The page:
The issue of pilot intoxication has received a fair amount of media attention in Canada over the past few years. We have seen jail sentences imposed on airline pilots, a heavily publicized incident involving an intoxicated Sunwing pilot, and the fatal Carson Air Accident in 2015 (where investigators found significant levels of alcohol in the pilot’s bloodstream). With the impending legalization of marijuana on October 17, 2018, it is a good time to consider the current regulatory framework for drug/alcohol testing in this new context.
Drug and Alcohol Testing
In Canada, there is no regulation that requires drug or alcohol testing for pilots. In both India and Australia, breathalyzer tests are carried out on flight crews. In the United States, …Keep reading
The rights of air passengers in Canada are soon to be enhanced. After several revisions and hours of Parliamentary debate, the Federal government enacted the Transportation Modernization Act on May 23, 2018. As part of this new statute, the Canadian Transportation Agency (CTA) has been given a mandate to develop regulations for airlines’ obligations to air passengers. The CTA has now opened a consultation process to receive input on the development of these regulations and to establish clear standards of treatment and consistent compensation for air travellers under certain circumstances.
The Transportation Modernization Act amends the Canada Transportation Act to give the CTA authority to make regulations defining the airlines’ minimum obligations to passengers with respect to a broad range …Keep reading
The use of drones recreationally and commercially continues to grow exponentially in Canada. While the commercial use of drones has been governed by rules set out in various regulatory exemptions (or by the requirement to obtain a special flight operations certificate (“SFOC”) from Transport Canada), the recreational use of drones that weigh under 35 kg was previously simply subject to guidelines encouraging users to “fly safely”. More recently, the Minister of Transport issued a series of interim orders respecting these aircraft. The current interim order No. 8 regulates all recreational use of drones weighing between 250 g and 35 kg.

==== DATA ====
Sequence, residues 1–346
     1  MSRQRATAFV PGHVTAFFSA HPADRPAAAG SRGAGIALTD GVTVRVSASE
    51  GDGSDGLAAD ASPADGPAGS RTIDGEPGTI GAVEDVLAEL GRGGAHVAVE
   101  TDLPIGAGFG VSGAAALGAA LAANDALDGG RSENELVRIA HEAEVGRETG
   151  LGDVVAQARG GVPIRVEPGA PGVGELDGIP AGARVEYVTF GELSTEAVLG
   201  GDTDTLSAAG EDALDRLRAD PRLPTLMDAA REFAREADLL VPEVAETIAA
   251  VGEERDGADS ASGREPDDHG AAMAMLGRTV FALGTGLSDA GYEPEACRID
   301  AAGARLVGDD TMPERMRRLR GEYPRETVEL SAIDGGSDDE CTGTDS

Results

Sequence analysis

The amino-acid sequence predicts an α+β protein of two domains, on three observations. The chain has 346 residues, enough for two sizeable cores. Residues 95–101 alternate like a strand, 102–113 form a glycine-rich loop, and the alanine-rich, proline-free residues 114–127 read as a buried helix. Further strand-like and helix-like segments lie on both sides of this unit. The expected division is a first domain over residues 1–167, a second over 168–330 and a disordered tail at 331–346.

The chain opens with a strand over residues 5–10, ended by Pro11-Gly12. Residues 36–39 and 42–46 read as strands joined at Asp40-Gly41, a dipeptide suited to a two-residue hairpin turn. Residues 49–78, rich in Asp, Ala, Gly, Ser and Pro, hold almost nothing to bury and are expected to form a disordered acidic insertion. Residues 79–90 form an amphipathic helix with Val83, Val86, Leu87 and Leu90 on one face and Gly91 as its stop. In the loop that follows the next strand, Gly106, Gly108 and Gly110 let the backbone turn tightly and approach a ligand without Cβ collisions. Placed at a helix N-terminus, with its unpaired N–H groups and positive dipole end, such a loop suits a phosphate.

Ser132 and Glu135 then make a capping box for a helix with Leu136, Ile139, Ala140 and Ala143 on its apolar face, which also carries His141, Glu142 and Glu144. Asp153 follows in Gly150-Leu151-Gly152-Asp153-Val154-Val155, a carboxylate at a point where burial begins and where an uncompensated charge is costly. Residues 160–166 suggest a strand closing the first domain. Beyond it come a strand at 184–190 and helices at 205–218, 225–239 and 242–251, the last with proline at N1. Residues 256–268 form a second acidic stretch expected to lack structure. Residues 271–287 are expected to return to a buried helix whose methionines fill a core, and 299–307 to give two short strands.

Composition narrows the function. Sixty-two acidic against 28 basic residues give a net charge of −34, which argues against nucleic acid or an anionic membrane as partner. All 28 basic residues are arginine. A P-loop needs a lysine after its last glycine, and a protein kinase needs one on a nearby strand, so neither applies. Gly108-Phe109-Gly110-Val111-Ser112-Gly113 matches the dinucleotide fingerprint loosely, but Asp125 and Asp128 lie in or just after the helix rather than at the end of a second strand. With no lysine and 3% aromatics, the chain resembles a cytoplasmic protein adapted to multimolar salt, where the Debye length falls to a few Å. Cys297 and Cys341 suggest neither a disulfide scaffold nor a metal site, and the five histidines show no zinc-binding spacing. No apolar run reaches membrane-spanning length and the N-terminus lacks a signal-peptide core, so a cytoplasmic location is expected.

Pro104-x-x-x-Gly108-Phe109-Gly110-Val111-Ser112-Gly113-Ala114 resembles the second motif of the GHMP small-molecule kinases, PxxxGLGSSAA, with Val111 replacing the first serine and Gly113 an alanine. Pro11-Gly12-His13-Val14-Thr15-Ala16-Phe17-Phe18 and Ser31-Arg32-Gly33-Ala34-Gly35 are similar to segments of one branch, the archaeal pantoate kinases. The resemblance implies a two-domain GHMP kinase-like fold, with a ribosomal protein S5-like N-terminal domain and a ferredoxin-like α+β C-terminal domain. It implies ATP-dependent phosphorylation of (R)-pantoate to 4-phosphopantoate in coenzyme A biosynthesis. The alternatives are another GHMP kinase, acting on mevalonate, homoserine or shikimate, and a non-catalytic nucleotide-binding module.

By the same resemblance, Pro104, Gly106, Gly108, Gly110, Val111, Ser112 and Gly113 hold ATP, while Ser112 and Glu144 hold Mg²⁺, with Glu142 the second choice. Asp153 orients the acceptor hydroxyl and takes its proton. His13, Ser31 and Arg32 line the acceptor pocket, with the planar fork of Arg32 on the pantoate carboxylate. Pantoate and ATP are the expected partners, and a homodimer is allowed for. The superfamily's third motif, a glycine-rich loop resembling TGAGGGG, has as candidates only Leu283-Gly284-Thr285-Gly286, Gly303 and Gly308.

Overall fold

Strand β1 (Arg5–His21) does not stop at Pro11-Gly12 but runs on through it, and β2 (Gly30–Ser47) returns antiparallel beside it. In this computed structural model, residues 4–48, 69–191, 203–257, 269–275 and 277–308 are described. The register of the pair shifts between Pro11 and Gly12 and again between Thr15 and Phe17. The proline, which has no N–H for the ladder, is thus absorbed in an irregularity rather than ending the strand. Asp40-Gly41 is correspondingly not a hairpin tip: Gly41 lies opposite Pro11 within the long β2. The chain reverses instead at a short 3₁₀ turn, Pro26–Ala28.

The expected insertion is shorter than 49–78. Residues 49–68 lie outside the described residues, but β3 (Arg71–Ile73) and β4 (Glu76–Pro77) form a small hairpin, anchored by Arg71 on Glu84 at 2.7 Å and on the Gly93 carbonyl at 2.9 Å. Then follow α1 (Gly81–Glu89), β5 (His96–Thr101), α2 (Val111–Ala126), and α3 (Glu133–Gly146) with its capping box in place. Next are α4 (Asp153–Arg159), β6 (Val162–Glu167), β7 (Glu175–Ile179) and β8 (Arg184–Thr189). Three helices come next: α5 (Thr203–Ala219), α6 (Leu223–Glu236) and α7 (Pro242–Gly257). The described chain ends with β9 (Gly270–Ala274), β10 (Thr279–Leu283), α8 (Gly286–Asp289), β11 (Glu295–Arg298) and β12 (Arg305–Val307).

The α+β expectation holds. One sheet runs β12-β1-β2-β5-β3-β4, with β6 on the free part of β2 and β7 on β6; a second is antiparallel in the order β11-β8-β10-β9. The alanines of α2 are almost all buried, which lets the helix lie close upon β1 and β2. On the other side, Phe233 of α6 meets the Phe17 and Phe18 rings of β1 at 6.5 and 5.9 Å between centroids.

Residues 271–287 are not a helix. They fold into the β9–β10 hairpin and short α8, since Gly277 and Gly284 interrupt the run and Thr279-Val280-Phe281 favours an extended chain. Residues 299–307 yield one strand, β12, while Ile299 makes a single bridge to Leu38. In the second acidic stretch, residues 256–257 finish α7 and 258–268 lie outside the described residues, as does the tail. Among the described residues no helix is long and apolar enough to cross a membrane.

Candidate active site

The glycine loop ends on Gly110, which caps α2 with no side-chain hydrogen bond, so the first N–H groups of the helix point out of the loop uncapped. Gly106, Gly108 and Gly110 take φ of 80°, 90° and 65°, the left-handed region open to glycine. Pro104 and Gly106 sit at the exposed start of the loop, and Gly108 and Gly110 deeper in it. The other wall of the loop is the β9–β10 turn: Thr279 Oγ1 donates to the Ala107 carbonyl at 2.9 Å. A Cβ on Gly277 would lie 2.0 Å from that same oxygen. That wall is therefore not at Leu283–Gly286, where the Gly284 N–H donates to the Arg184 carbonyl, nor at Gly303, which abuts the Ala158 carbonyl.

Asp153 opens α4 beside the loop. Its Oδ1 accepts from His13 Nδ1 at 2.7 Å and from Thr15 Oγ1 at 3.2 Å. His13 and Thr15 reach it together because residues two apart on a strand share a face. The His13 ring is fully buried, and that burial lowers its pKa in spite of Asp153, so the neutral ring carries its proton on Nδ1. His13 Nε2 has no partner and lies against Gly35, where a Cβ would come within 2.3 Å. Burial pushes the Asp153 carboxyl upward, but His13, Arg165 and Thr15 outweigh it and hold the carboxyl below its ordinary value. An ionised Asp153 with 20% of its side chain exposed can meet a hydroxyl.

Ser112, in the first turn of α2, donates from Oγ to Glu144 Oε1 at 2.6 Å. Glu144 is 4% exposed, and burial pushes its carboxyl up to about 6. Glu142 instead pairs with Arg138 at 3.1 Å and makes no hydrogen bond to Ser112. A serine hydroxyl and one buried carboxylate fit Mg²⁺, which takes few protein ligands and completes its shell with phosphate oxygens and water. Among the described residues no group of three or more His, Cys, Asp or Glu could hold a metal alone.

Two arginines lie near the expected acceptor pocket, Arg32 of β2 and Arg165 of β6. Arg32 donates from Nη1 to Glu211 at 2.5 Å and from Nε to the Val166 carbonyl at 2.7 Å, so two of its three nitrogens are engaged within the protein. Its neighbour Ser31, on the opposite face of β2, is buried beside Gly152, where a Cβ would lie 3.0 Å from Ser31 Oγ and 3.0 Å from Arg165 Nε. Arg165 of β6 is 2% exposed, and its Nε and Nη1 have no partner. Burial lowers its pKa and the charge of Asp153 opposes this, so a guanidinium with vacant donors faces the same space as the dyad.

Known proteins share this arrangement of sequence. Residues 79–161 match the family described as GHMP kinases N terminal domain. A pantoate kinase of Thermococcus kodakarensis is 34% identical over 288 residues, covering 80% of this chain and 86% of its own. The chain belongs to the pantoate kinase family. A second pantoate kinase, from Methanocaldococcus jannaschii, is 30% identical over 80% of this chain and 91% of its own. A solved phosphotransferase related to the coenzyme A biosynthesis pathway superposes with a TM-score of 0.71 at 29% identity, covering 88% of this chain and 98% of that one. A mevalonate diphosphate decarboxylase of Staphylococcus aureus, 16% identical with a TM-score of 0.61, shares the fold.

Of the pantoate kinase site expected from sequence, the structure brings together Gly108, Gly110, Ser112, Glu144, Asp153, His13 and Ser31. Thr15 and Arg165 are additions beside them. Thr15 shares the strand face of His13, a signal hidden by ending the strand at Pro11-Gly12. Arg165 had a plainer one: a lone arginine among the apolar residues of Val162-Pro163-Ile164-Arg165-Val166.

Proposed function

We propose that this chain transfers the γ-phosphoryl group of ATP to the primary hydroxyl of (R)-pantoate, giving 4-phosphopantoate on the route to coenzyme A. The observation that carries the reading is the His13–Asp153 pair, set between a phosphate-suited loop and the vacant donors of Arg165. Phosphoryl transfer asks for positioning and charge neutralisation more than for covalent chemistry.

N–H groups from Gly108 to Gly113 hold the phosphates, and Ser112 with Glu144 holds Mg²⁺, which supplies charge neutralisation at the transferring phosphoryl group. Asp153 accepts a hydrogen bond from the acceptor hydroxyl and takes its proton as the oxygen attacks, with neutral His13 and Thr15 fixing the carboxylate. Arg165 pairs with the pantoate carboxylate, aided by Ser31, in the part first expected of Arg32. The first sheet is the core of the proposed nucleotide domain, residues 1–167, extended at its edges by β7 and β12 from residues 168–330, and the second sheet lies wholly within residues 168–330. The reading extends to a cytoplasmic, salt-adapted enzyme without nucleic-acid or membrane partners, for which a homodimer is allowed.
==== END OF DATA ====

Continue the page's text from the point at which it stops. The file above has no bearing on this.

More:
UAS Task Force
In 2017, Transport Canada established the Unmanned Aircraft Systems (“UAS”) Task Force, staffed with members with expertise …Keep reading
The Supreme Court of Canada recently released its decision in Delta Air Lines Inc. v. Lukacs, 2018 SCC 2, in which it considered whether the Canadian Transportation Agency (the “Agency”) acted reasonably in dismissing the complaint of Gabor Lukacs against Delta on the basis that he met neither of the tests for standing that have been developed and applied by the civil courts.
Dr. Lukacs, who refers to himself as an “air passenger rights advocate”, filed a complaint with the Agency in which he argued that Delta’s practices in relation to the transportation of obese passengers were discriminatory. Dr. Lukacs is not obese. Rather, his complaint was based on an email sent by Delta to a passenger who …Keep reading
In the early hours of May 31, 2013, a Sikorsky S 76A helicopter operated by Ornge Air Ambulance crashed shortly after take-off from Moosonee airport (northern Ontario), resulting in the deaths of the two pilots and two paramedics. The Crown brought charges against Ornge under the Canada Labour Code for failing to ensure employee safety, by failing to provide its pilots with night vision goggles (“NVGs”). Ornge denied committing any offence arguing that it had complied with all legal and regulatory requirements and provided for an acceptable level of safety consistent with the standard of care that prevailed in the helicopter aviation industry at the time. The Ontario Court of Justice recently released its decision R.v. 7506406 Canada Inc. (Ornge)…Keep reading